The Finnish Line: Gallerist Juhani Lemmetti
Juhani Lemmett’s vast collection of glass and ceramics illustrates the rich heritage of design and craft in Finland and anyone asked where to catch an all-encompassing glimpse of the country’s contemporary design movement would list Helsinki’s, Gallery Lemmetti, as an essential port of call.
Juhani Lemmett’s vast collection of glass and ceramics illustrates the rich heritage of design and craft in Finland and anyone asked where to catch an all-encompassing glimpse of the country’s contemporary design movement would list Helsinki’s, Gallery Lemmetti, as an essential port of call. Founded in 2016 by its namesake, Juhani Lemmetti, it’s here that one is immersed in an atmosphere that talks to the significance of this country in the history of Nordic design, both historical and oh-so-now. Although chairs and tables by the likes of Yrjö Kukkapuro and Alvar Aalto fill the gallery, it’s the collection of glass and ceramic pieces that calls for closer examination.
‘I have always been an aesthete,’ says Lemmetti, who has been collecting Finnish design since the early 1980s when he first came to understand its global relevance. ‘To my surprise, some good objects were still around to be picked up,’ he says of his entry into being one of the foremost collectors of such works. ‘I had a new hobby and, quite soon, a new occupation. I was really hit by my burning enthusiasm, and still am today.’
Not specifically on the lookout for glass and ceramic pieces, Lemmetti soon realised how central these disciplines were to Finland’s design evolution. Two producers, in particular, have led this charge: Iittala, specialising in the design and production of glass objects and tableware designed by Scandinavia’s leading names – ‘It’s hard to imagine the history of Nordic design without this fine company,’ Lemmetti says of the company – and Arabia, which, despite relocating its ceramic factory to Thailand and Romania three years ago, continues to exist in Finland through the Arabia Art Department Society based in Helsinki, an independent association, established by former Arabia artists, which promotes ceramic art in Finland through exhibitions and collaborations.
For Lemmetti, Finnish ceramics and glass objects hold unique characteristics. ‘They possess an element of “doing”,’ the collector says, by means of explaining his attraction. ‘They capture thoughts and feelings, while sharing all that energy with audiences.’
One of his most prized objects is a Savoy vase by Aalto, an iconic piece designed in 1936. Lemmetti appreciates the revered and iconic designer’s style, in general, for his ability to unite nature and functionalism, an aspect that is evident in the organically shaped vase that resembles the root-base of a tree.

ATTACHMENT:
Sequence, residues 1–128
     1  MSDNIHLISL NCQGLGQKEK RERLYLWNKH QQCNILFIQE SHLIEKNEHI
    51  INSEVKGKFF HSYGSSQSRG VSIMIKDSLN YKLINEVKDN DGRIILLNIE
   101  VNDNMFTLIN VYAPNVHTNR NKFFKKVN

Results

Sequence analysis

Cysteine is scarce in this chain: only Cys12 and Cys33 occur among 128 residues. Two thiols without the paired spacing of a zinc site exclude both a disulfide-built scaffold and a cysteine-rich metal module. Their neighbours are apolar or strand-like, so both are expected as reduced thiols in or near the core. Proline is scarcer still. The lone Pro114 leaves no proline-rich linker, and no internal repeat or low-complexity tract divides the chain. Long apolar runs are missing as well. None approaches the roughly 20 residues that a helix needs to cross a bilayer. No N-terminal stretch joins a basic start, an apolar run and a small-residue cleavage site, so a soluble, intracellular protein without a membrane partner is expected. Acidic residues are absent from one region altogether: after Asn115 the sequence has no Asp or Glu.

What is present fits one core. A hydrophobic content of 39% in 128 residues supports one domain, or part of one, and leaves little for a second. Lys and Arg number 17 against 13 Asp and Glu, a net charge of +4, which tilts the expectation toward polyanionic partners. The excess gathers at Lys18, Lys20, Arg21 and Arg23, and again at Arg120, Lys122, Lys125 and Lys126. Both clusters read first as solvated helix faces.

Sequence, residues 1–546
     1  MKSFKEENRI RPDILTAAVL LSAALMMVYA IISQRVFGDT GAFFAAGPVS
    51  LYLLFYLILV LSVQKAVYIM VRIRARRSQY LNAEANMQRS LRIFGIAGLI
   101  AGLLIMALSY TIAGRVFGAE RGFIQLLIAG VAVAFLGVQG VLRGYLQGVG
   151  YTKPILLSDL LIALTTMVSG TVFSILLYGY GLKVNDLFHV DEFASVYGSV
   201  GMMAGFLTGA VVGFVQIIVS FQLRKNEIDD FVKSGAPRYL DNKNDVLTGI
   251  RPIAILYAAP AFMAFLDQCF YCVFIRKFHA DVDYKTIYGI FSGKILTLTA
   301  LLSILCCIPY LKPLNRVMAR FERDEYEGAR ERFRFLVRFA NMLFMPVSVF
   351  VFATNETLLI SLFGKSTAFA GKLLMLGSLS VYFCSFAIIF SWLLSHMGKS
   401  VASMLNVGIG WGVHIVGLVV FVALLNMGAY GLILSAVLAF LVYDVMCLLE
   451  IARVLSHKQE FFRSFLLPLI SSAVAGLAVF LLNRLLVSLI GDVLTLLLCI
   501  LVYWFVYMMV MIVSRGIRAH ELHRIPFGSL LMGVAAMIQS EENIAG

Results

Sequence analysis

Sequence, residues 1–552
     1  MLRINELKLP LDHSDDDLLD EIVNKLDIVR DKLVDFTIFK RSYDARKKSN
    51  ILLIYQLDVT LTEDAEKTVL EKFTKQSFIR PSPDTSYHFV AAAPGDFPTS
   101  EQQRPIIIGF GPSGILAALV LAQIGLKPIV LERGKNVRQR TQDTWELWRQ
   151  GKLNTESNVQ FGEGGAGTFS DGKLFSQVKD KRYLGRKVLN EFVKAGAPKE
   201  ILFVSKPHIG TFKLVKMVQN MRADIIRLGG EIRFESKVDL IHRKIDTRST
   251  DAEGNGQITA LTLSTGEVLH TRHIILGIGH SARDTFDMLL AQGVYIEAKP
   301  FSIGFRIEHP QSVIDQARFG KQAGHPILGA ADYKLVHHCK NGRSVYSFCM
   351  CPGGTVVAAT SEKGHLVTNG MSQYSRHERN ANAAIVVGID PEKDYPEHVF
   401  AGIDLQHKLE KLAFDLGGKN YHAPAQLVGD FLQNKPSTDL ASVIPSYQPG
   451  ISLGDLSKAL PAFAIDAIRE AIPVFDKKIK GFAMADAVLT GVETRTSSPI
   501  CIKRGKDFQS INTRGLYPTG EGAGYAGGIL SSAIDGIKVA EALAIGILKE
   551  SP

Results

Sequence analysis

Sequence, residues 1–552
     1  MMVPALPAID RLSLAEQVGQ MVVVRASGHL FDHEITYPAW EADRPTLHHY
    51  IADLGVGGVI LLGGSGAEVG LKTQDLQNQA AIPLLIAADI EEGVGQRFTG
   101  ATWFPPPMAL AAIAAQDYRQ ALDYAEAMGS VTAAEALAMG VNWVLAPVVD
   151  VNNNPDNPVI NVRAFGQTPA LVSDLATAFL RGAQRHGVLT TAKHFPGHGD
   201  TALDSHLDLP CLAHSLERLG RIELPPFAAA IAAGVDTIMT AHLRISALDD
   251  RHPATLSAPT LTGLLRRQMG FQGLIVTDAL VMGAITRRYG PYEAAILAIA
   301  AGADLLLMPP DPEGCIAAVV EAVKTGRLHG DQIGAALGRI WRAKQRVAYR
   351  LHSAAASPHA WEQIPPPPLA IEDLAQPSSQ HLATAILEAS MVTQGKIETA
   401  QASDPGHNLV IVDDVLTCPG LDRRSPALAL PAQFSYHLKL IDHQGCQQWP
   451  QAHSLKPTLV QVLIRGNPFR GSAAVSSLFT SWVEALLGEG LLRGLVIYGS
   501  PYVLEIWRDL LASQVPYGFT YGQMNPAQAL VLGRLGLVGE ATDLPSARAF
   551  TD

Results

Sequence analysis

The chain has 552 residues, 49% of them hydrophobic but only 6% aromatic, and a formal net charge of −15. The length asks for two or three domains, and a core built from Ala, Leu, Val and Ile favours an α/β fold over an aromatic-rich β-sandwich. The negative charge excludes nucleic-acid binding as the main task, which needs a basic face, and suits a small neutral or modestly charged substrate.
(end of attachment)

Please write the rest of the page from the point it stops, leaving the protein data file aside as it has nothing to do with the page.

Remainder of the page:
The collector is also in possession of one of Oiva Toikka’s collectible glass birds. His – a Kiikkuri from 1975 – is a treasure in red, green and clear glass, and takes pride of place on his dining table. One of Lemmetti’s most exciting discoveries, however, was a unique Bambu vase by Toikka from the 1960s. This colourful, cylindrical gem had found its way to Australia, and Lemmetti was thrilled to acquire the precious piece. ‘My excitement was great when the parcel finally arrived one month later and revealed one of the best samples of that line,’ he says, the joy still evident many years on.
Glassworks by Markku Salo, Arttu Brummer, Göran Hongell, Gunnel Nyman, Kaj Franck, Timo Sarpaneva, Nanny Still, Saara Hopea, Harri Koskinen, Kristina Riska, and Renata Jakowleff are equally at home in his collection, as are pieces by Tapio Wirkkala, whose crystal Iceberg vase from the 1950s he believes epitomises the Finnish glass movement.
Although part of his collection is displayed in his home, much is on view in the gallery, a move prompted by wanting to share his passion with a wider audience, something he’d been doing for many years previously by aiding in creating and guiding major collections of Finnish design worldwide.
Such collections often include works by classic ceramic masters Toini Muona, Friedl Kjellberg, Kyllikki Salmenhaara, Rut Bryk and Birger Kaipiainen, as well as contemporary ceramicists Kati Tuominen-Niittylä and Kristina Riska, who are both currently part of the Arabia Art Department Society. Having formed his own collection purely out of a passion for design and personal intuition, Juhani Lemmetti is proof that believing in the heritage and craftsmanship of his country can lead to extremely beautiful results.